Literature of the Borders 2015

I mentioned this literary prize last year: an opportunity for French-speaking writers in Switzerland to measure themselves against French writers living and working in the Rhone-Alpes region. The shortlist for this year included:

From franceculture.fr
From franceculture.fr

Jacques A. Bertrand: Comment j’ai mangé mon estomac (How I ate my stomach)

The author turns his trademark humour on a very serious topic: his stomach cancer. This is not just an account of the illness, its diagnosis and months of treatment, but also a touching love story, since his wife was diagnosed with breast cancer at about the same time.

How can you not love an author who says his favourite books are Baudelaire’s Fleurs du mal, Hesse’s Steppenwolf and Bulgakov’s The Master and Margarita?

From payot.ch.
From payot.ch.

Xochitl Borel: L’Alphabet des anges (The Alphabet of Angels)

This Swiss author spent part of her childhood in Nicaragua, toured round the world with her parents when she was 13, and now lives in Lausanne. This is her debut novel, the story of a disabled girl who wants to learn the alphabet before she goes completely blind.

Borel mentions the work of Marina Tsvetaeva and Panait Istrati as influences, so again a reason to want to know more about her.

chavassieuxlettresfrontieresChristian Chavassieux: L’Affaire des vivants (A Matter for the Living)

A historical family saga set in the mid 19th century, about a simple farmer whose family believed he was destined for great things and therefore named him Charlemagne.

Not my cup of tea, even if the author pays tribute to Madame Bovary and Truman Capote.

Slobodan Despot: Le Miel (Honey)

Born of a Serbo-Croat father and a Bosnian mother, the author came to Switzerland as a child. In this novel he revisits the Yugoslav war, seen through the eyes of a mild teacher turned beekeeper and his two sons.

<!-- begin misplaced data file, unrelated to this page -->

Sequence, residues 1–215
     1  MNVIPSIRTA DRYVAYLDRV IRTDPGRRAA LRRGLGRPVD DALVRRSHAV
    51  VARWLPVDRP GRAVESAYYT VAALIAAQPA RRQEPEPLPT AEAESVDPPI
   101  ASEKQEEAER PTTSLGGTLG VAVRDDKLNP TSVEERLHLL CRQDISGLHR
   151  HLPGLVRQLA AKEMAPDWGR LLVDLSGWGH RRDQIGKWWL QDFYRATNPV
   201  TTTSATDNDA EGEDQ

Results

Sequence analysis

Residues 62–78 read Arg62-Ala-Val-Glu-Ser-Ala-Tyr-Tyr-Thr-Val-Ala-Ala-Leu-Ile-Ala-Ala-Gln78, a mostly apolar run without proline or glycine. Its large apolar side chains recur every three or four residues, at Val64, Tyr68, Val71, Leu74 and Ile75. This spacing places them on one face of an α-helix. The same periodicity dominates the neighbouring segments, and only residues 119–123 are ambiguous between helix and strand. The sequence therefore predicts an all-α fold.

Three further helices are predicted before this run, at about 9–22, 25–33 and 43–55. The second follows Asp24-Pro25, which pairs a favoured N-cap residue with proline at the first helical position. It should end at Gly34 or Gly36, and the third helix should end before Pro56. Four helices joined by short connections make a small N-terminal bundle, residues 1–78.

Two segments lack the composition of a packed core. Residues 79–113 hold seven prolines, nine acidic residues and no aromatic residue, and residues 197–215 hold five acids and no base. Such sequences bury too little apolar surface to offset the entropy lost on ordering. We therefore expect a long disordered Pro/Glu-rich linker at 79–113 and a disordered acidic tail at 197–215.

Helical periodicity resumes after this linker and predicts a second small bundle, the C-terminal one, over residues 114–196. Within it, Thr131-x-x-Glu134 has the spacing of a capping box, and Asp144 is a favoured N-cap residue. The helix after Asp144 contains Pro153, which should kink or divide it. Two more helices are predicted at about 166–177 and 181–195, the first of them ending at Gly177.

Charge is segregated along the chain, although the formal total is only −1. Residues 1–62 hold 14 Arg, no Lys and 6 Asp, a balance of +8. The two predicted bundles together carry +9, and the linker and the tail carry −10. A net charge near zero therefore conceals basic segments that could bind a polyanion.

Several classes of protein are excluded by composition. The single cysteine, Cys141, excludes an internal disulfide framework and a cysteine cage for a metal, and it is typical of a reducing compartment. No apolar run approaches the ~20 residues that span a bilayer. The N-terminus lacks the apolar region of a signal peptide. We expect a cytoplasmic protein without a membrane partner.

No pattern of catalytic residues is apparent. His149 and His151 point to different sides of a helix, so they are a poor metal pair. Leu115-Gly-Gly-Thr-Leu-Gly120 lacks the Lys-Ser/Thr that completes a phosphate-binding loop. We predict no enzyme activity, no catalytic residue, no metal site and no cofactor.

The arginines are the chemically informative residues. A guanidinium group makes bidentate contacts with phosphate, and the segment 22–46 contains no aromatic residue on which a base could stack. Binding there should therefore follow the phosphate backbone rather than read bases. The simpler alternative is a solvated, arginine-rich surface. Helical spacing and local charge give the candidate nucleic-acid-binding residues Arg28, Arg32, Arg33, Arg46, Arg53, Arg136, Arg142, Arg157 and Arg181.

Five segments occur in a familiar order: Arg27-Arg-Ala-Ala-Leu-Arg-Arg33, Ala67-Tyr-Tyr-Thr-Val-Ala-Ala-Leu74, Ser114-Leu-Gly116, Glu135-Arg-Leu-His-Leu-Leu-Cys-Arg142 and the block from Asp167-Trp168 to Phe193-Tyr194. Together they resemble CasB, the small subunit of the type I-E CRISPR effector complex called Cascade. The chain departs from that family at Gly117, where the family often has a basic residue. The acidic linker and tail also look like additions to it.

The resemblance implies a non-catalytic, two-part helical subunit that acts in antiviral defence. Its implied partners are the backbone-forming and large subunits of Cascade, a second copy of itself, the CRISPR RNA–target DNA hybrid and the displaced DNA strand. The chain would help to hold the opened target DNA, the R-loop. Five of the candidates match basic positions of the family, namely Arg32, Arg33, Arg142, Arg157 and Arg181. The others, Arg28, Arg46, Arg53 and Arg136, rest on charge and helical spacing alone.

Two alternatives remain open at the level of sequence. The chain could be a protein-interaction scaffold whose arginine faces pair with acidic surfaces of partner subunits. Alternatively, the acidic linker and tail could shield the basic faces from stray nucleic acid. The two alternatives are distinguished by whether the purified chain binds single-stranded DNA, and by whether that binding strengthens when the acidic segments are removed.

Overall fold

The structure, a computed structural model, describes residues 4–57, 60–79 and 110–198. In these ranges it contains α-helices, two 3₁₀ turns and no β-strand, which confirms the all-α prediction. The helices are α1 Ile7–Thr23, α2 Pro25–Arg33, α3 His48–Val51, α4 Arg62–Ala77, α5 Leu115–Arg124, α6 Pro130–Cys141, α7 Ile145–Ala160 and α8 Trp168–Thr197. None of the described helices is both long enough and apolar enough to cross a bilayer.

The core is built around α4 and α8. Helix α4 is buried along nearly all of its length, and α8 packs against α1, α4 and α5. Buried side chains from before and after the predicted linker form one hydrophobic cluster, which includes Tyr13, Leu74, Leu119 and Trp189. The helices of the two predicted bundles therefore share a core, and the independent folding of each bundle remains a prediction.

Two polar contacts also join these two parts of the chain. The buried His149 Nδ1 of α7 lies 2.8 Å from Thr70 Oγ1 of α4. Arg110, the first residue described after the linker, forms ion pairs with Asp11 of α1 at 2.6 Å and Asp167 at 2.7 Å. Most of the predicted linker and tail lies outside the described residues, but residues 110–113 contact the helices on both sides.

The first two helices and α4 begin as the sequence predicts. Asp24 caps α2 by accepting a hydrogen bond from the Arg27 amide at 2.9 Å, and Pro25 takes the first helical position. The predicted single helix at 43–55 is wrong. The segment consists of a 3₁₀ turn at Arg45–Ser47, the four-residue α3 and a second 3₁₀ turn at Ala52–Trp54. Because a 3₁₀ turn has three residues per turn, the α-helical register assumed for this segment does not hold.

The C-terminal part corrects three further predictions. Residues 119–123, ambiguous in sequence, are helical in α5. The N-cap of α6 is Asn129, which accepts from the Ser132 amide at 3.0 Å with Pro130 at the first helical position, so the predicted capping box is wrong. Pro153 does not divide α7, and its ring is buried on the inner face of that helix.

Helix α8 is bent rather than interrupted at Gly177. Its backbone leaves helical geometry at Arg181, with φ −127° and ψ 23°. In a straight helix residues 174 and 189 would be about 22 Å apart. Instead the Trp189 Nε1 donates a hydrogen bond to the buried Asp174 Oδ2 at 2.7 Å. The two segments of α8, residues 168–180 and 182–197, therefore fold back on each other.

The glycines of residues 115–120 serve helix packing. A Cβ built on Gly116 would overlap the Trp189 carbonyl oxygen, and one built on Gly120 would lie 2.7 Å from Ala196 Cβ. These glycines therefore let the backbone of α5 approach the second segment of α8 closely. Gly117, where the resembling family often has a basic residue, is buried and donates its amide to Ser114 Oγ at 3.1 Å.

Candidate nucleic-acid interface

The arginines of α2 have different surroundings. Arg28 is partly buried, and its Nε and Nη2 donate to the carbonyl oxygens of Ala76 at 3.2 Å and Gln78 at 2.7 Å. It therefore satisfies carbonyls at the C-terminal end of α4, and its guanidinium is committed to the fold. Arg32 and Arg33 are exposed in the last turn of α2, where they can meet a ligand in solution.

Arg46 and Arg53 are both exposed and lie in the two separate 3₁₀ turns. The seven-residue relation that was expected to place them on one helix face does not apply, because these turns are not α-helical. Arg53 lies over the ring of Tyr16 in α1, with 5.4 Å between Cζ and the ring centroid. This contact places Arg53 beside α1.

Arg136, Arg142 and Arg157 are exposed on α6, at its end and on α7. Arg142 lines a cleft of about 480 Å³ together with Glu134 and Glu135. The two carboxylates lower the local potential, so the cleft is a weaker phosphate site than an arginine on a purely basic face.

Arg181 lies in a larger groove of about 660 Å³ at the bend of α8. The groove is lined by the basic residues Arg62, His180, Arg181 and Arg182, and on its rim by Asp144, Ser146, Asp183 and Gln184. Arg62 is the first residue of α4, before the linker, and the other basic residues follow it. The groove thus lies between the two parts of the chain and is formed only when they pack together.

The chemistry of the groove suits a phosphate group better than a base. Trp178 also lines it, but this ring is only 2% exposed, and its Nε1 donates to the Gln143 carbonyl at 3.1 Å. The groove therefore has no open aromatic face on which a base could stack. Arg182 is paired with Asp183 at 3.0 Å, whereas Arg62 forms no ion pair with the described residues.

Despot cites Moby Dick and Anna Akhmatova as his inspiration.

Christophe Fourvel: Le Mal que l’on se fait (The Evil We Do to Ourselves)

Born in Marseille, Fourvel has worked as a bookseller and librarian in France and enjoys interdisciplinary writing projects. This novel follows the passage of a mysterious man, with no future and no past, who appears out of nowhere in three different nameless town, on three different continents. Described as both an external and an internal journey and a bit of a puzzle.

Fourvel mentions Marguerite Yourcenar and Les Liaisons dangereuses as his influences.

From babelio.com
From babelio.com

Valerie Gilliard: Le Canal

A little girl drowns in the canal of Yverdon, a spa town in Switzerland. The five witnesses each have their own account of the incident, but their voices form a choir (sometimes a cacophony), and ultimately paint a poetic portrait of life in a small town, where nothing is quite discussed nor ever completely hidden.

With mentions of Milan Kundera and Flaubert as favourite authors, I am sufficiently intrigued by this story to try and seek it out at the library.

From tdg.ch
From tdg.ch

Max Lobe: La Trinité Bantoue (The Bantu trinity)

Born and raised in Cameroon, Lobe came to Switzerland at the age of 18 to study. He now lives and writes in Gevneva but his work is still very much influenced by African folktales and storytelling.This semi-autobiographical novel follows the trials and tribulations of a young African man trying to start a new life in Switzerland.

His literary mentors include: Chimamanda Ngozi Adichie, Ramuz and Dany Laferrière. Another one worth investigating further.

Jean-Michel Olivier: L’Ami barbare (My Barbarian Friend)

This is a fictional reimagening of the life of Vladimir Dimitijevic, born in Skopje, passionate about football, reading and writing, who founded the publishing house L’Age d’Homme in Switzerland. The author Olivier is an essayist and fiction writer born in Vaud.

From rtl.fr
From rtl.fr

Jean-Christophe Rufin: Le Collier rouge (The Red Necklace)